Sex-Abuse Suit Targets Newark Archbishop Myers' Former Diocese in Illinois

By Lisa Arthur
The Record
May 5, 2013

While the leader of the Archdiocese of Newark is under intense scrutiny for his handling of a Wyckoff priest-abuse case, Archbishop John J. Myers is also being faulted by those bringing a civil lawsuit in Illinois, claiming that the diocese he led there as a bishop failed to keep an alleged pedophile priest away from children.

The suit, filed in 2008 against the Diocese of Peoria, and Monsignor Thomas Maloney, claims that the plaintiff Andrew Ward was molested by Maloney in 1995 and 1996, when he was about 8 years old. The alleged abuse of the boy began a year after a woman had alleged to the diocese that she had been molested by Maloney in her childhood, according to the suit.

“The diocese did not further investigate the report … did not do a follow-up interview with the woman, did not ask Maloney’s fellow co-workers about his activities and didn’t contact law enforcement with the information,” the suit alleges.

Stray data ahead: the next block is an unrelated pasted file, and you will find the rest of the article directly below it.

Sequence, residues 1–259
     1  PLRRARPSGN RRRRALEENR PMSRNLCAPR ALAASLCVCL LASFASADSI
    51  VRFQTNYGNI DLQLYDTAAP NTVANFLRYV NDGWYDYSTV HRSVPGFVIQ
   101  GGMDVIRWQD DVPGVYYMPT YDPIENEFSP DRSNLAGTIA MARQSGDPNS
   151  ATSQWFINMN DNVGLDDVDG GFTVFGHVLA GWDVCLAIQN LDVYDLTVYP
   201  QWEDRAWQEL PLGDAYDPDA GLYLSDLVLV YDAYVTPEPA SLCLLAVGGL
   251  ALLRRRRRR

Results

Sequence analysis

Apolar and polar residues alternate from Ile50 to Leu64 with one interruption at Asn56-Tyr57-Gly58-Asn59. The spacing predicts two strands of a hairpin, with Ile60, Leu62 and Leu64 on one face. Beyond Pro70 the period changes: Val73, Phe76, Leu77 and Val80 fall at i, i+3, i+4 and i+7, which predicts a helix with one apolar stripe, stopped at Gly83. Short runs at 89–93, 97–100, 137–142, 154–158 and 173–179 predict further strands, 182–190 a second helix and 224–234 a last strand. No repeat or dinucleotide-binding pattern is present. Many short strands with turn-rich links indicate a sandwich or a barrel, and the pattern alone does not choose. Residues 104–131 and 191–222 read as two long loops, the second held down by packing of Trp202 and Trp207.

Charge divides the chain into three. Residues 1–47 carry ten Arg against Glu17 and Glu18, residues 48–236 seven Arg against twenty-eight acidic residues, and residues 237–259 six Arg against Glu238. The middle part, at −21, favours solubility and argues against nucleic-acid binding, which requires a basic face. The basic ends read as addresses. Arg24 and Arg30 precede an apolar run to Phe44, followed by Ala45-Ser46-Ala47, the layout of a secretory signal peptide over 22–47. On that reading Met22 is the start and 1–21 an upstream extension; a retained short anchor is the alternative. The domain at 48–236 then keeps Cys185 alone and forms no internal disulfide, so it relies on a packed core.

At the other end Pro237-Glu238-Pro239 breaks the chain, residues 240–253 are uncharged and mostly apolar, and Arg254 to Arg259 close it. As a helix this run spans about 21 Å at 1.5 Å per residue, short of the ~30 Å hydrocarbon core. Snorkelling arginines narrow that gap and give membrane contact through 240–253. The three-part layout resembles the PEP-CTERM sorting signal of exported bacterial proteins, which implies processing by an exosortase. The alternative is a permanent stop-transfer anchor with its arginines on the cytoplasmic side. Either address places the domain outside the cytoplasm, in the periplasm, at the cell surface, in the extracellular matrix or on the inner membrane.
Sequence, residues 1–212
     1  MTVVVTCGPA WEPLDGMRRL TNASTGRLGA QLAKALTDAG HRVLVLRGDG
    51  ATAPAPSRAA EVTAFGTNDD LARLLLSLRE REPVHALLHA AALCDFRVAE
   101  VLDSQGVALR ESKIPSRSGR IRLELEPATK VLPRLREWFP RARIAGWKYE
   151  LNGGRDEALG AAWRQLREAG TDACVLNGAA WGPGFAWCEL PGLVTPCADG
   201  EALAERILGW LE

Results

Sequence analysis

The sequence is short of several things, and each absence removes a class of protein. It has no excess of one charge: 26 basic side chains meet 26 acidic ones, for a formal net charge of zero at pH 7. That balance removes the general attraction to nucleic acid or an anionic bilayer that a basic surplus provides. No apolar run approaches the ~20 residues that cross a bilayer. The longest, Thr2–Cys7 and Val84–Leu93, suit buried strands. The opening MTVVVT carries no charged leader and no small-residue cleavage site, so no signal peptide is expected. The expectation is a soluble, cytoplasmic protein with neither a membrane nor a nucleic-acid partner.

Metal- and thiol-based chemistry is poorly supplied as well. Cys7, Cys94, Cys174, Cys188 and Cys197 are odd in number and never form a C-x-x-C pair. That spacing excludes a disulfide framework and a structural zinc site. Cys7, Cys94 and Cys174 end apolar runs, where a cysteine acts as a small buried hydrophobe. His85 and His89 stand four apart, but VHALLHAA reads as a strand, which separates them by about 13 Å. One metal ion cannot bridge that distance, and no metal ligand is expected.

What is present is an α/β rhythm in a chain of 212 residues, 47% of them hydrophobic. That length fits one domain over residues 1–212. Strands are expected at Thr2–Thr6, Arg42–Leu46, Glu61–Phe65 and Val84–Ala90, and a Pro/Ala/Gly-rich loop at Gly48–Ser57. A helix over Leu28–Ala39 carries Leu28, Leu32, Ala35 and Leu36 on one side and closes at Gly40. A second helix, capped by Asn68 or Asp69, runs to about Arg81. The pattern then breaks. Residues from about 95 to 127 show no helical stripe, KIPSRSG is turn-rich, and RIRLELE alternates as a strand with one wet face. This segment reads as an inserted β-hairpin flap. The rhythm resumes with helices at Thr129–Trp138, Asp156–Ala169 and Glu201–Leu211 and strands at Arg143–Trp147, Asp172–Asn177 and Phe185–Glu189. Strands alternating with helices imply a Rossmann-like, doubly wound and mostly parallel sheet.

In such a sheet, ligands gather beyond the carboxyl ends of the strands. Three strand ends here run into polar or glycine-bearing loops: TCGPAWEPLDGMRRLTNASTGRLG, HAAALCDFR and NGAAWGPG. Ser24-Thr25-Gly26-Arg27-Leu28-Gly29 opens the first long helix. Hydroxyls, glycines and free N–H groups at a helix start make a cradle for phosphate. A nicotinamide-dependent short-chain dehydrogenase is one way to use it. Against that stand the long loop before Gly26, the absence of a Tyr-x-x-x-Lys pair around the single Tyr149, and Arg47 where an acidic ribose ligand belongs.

News of the Illinois litigation comes amid questions about how the Newark Archdiocese managed the Rev. Michael Fugee, a former assistant pastor at St. Elizabeth of Hungary Church in Wyckoff who was convicted in 2003 of aggravated criminal sexual contact on allegations he repeatedly groped a 13-year-old boy.

That conviction was overturned by an appellate panel, which found that the trial judge should not have allowed the jury to hear a part of Fugee’s confession in which he questioned his sexual identity.

Instead of being retried, Fugee entered a special probation program for first-time offenders, in 2007. The terms of the Pretrial Intervention Program required him to serve a two-year probationary term, undergo sex-offender-specific counseling and have no contact with the victim.

He also signed a memorandum of understanding with the Bergen County Prosecutor’s Office, which ordered him not to be unsupervised with children, minister to children or hold church positions involving children.